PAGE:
Escape from New York: Adrienne Barbeau on how J.J. Abrams changed the movie

The John Carpenter classic Escape from New York (watch it HERE) celebrates its 40th anniversary this year, and Variety caught up with co-star Adrienne Barbeau - who was also married to Carpenter when the film was in production - to discuss her character Maggie, as well as what it's been like working on genre projects over the years. There's some interesting information in there, like the fact that Barbeau had never seen a horror movie until she watched Halloween with Carpenter after they got engaged, and the ideas she had for Maggie's style. One thing I never heard before is that J.J. Abrams, now one of the most well-known filmmakers in the business, had an impact on Escape from New York, even though he was a teenager when the movie was made and had nothing to do with the production.

The story goes that Abrams and his father were in the small audience assembled for a test screening of Escape from New York. As it turns out, this is a story Abrams had told in an interview before, but Barbeau reiterates it here: 

Apparently, J.J. raised his hand afterwards and asked John, ‘What happened to Maggie?’ I guess he didn’t think it was clear enough that she died when the car hit her. So a short while later, John and I got together with a very small film crew, and we went into our home’s garage and shot that final image of Maggie covered in blood. I got back in my costume and makeup, laid down on the floor of the garage, and they poured blood all around me and shot that last scene of dead Maggie."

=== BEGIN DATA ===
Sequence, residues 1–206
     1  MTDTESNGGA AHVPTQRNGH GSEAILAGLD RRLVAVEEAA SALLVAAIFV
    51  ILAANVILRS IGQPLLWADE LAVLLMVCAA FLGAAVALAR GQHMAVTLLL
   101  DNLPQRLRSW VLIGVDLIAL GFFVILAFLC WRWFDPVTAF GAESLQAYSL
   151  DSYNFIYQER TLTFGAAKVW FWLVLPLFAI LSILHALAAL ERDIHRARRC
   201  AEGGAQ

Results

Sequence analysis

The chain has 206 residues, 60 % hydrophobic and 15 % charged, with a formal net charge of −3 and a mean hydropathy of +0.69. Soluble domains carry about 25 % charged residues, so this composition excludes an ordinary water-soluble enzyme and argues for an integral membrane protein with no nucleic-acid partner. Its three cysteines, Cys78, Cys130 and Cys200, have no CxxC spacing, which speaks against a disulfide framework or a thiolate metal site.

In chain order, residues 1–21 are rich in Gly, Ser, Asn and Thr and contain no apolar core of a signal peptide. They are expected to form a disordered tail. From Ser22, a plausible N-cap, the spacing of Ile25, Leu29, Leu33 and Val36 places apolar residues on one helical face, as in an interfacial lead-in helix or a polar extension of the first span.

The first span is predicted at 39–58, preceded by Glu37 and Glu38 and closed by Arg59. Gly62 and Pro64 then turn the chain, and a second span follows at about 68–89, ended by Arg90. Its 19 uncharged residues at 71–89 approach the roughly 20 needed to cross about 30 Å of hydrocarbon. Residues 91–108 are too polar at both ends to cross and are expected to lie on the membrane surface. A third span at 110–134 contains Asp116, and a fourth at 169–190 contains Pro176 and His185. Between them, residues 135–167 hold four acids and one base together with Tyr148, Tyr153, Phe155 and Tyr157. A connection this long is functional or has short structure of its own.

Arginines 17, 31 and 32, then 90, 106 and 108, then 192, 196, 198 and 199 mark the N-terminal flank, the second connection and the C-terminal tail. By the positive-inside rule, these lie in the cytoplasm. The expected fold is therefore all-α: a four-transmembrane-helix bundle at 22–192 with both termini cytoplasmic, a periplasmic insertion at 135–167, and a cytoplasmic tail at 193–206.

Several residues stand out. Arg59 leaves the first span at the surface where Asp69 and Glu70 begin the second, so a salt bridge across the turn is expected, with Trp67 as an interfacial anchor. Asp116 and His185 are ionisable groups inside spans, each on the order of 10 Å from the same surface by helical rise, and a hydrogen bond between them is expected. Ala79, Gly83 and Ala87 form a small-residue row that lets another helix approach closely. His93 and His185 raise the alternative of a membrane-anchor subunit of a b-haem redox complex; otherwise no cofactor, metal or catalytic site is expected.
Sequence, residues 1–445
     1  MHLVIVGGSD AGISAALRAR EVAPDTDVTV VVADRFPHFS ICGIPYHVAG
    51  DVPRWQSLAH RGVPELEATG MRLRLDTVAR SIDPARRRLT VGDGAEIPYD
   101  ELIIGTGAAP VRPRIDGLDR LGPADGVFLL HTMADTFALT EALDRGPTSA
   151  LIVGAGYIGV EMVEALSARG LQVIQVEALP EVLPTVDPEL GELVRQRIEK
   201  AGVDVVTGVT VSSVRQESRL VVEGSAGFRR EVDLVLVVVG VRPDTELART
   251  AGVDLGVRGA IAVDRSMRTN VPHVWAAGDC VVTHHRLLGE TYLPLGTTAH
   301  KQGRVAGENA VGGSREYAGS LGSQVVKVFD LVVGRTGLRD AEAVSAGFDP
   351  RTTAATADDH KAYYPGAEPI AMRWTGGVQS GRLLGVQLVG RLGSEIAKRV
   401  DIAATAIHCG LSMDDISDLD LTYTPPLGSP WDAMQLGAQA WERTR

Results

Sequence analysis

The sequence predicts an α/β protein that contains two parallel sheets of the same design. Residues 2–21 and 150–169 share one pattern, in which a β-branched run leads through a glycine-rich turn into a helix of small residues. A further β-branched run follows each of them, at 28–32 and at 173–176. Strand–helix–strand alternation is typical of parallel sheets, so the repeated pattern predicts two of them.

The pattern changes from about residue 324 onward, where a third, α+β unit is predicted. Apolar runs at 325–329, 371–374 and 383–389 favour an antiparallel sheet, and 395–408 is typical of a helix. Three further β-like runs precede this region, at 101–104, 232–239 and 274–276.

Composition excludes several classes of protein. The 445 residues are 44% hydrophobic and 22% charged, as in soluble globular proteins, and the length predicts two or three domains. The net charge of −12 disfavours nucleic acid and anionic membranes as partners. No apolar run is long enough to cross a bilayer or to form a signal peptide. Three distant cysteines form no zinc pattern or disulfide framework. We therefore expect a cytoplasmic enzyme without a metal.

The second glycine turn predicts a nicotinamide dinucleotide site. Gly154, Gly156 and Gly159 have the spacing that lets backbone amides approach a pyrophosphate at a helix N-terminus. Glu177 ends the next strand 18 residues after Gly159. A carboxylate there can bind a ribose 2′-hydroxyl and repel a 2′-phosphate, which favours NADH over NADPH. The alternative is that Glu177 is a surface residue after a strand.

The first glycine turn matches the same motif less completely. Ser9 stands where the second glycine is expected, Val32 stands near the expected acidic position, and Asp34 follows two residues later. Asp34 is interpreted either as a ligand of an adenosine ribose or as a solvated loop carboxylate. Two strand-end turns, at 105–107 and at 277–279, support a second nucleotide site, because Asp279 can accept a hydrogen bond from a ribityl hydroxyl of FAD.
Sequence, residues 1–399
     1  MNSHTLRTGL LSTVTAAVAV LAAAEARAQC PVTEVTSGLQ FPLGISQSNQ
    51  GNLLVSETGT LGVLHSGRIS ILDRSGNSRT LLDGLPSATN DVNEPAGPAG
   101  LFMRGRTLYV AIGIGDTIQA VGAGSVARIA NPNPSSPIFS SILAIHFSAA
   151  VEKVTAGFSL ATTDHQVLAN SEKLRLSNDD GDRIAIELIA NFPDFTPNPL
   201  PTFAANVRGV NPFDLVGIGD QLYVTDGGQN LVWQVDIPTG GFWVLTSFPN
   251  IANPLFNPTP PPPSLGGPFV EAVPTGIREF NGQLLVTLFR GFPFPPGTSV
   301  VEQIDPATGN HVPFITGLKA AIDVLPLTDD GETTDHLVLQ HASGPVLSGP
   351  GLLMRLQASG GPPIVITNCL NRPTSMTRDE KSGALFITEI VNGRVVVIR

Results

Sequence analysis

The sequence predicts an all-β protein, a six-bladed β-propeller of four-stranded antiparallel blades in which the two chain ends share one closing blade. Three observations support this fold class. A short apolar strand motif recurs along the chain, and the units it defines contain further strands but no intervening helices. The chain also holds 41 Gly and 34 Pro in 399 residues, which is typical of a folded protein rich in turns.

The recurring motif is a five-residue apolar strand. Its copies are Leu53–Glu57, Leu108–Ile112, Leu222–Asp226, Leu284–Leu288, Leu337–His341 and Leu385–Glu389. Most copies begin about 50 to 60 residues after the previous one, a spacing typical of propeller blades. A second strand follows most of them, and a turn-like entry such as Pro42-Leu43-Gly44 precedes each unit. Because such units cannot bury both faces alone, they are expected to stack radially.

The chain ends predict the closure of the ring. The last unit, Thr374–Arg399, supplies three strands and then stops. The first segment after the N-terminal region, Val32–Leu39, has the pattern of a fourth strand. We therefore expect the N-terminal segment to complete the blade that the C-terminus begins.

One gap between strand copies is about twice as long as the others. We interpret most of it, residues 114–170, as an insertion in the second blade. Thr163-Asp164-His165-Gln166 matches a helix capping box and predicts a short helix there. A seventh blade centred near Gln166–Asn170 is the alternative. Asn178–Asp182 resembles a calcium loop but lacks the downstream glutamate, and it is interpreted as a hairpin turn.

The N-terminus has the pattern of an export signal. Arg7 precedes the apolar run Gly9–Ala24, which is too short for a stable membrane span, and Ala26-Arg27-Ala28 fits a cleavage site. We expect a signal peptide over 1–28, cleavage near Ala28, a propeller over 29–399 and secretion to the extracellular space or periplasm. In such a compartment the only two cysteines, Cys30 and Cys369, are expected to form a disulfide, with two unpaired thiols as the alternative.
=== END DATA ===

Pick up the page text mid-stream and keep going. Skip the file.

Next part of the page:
It's kind of surprising to hear that teen Abrams wasn't sure what had happened to Maggie, since she clearly gets crushed between two cars in the film, but we have him to thank for that shot of her bloody corpse.

Abrams' father may have had an even bigger impact on the film. As Abrams told NPR, 

So I'm sitting there in this theater and John Carpenter starts this film and there was a whole opening sequence where the main character, Snake Plissken, is robbing a bank and he ends up getting caught, and the movie plays and the whole thing, it was magical, like it was amazing. And the movie was over and John Carpenter said, you know, okay, I want to talk about the movie. And what I learned was just by watching him be open to any criticism. And it was just incredible watching him take notes that were sometimes easy and understandable, other times huge, and he knew he had a movie that at the time was problematic in certain ways and he was trying to fix it. And I remember my dad raised his hand. I was like ooh, God. What? Just dont... And he said yes. You know, my dad said cut the opening for the movie. And I thought, I'm leaving. I am out. So mad that I'm here. I am so humiliated. And John Carpenter said, what do you mean? And my dad said Snake Plissken is a more imposing character, he's more of a mythic character if you don't see him get caught. That when you meet him he's already held and you know. And I thought this is just the dumbest thing I've ever heard. God, I wish he hadn't said that. And in the final movie John Carpenter cut it out and that  whole sequence is not in the film."

Years later, Abrams was able to talk to Escape from New York cinematographer Dean Cundey about the test screening and the shot of Maggie's bloody body.

I went up to him and I said, excuse me, Mr. Cundey, my name is J.J. Abrams. I said, you know, I'm a big fan. You know, it's funny 'cause I was at the screening of "Escape from New York" at Paramount years ago - I was describing it, he said, oh, no, no, no. I totally remember that night. And I remember a kid in the back saying that. He said the next night, we went out onto John Carpenter's driveway and shot Adrienne Barbeau dead on the ground because people needed to see that she had actually been killed. So that was hopefully not the last time I collaborated with John Carpenter, but certainly the first."

To read Variety's full interview with Barbeau, click over to their site, and to see an awesome movie, go watch Escape from New York.

Source: VarietyNPR

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